Re-use of Clinical Imaging Information for Research: Structured Reporting, Machine Learning, and Natural Language Processing

April 27, 2016 11:00 a.m. - 12:00 p.m. ET

The imaging report is an essential source of clinical imaging information. It documents critical information about the patient's health and provides a professional interpretation of the images. However, the vast majority of report information remains narrative, a major obstacle to the rapid extraction and re-use of discrete imaging data. Structured reporting facilitates linking of imaging observations to clinical and genomic data, and is increasingly being adopted by clinical imaging practices. However, most imaging reports are used only once by the clinician who ordered the imaging study and are rarely used again for research, clinical care, or analytics. This presentation will describe the likely future of the imaging report, including efforts underway to standardize radiology report information, and the use of machine learning and natural language processing techniques to extract the semantic elements of the radiology report. These novel technologies enable connections between images and the electronic health record, and represent a vital part of the future of medical research.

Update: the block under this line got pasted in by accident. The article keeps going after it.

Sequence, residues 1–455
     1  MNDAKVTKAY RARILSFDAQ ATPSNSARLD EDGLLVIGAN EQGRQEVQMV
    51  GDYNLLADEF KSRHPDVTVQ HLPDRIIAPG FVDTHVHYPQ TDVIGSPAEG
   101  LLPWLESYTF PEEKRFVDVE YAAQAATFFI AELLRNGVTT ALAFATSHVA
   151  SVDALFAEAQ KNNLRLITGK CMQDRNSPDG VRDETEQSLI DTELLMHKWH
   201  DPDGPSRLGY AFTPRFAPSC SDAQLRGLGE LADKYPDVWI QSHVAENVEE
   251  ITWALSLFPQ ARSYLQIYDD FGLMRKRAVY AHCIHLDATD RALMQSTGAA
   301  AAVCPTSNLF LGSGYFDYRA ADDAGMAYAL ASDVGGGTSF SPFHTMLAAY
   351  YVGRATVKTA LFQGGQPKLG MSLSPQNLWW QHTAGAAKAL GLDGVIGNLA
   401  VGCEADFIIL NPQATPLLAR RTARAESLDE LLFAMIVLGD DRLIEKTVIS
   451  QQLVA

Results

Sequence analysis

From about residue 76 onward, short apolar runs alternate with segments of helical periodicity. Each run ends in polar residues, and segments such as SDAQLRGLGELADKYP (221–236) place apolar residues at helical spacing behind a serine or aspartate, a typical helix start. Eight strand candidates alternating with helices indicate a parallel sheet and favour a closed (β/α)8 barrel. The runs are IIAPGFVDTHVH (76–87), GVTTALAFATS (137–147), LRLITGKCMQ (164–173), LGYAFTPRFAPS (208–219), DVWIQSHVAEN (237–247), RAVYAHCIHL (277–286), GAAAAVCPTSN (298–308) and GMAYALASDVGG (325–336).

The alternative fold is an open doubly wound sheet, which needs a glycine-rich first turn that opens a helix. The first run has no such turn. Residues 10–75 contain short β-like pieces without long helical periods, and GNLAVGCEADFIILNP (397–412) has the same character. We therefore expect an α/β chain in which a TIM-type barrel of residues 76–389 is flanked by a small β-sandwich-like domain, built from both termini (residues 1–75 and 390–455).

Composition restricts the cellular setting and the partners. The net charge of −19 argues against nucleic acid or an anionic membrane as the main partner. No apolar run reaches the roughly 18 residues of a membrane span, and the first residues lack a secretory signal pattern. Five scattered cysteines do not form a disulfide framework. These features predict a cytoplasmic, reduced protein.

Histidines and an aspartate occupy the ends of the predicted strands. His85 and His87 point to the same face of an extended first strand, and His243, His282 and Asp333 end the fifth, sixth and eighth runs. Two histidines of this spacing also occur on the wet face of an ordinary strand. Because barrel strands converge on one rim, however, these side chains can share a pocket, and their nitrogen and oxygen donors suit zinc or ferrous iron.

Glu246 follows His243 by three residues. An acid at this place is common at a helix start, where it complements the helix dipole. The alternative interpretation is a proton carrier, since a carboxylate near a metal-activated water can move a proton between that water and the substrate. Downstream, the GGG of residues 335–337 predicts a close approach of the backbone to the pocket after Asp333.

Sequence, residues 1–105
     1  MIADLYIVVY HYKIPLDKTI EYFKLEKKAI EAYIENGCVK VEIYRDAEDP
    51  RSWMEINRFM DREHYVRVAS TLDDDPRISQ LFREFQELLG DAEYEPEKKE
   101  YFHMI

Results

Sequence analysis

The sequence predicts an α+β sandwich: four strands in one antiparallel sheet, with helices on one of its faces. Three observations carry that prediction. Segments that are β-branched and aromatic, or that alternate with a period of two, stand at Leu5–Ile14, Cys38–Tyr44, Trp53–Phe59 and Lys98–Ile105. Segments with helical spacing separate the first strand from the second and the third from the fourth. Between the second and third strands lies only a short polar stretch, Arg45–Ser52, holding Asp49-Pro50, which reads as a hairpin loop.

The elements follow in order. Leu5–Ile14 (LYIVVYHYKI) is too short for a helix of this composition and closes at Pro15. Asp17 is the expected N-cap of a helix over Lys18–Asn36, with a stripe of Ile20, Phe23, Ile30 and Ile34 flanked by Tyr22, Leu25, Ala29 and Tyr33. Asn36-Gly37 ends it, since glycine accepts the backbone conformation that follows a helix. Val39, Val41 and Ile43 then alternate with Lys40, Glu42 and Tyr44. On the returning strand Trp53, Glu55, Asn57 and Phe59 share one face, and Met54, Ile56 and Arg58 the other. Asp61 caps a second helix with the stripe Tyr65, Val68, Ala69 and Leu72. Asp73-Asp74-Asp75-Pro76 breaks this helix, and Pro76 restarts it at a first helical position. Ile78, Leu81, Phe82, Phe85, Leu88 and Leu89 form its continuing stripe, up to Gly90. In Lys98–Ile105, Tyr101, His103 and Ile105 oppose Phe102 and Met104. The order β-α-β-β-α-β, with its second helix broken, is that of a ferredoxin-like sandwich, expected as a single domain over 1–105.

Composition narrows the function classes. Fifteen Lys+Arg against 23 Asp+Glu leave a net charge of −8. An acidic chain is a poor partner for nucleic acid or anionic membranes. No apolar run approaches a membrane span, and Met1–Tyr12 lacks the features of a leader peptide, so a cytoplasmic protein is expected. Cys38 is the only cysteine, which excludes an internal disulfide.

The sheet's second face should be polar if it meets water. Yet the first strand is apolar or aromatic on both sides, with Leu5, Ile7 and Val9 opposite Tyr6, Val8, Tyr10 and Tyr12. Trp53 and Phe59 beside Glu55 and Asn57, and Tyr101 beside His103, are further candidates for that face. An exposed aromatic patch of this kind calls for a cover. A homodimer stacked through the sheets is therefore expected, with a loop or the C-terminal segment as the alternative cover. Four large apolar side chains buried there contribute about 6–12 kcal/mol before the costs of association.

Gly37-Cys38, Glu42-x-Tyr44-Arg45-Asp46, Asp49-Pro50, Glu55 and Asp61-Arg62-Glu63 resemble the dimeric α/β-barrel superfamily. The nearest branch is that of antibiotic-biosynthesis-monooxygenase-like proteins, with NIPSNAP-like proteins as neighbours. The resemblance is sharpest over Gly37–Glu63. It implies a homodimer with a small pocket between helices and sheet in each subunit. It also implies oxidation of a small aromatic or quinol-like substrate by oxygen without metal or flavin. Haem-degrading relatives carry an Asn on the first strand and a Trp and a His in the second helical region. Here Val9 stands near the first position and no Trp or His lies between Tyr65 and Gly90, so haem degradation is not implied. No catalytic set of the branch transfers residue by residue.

Curtis Langlotz, M.D., Ph.D.

r. Langlotz has published over 100 scholarly articles, and is author of the recently published book "The Radiology Report: A Guide to Thoughtful Communication for Radiologists and Other Medical Professionals." Over the past decade, Dr. Langlotz has led many national and international efforts to improve the quality of radiology reporting, including the RadLex terminology standard, the RadLex Playbook of radiology exam codes, and the report template library of the Radiological Society of North America. His research is focused on improving the accuracy and consistency of radiology communication through real-time decision support systems and other information technologies. His biomedical informatics laboratory develops novel deep learning and natural language processing algorithms that provide intelligent assistance to radiologists, clinicians, patients, and other consumers of images and reports.

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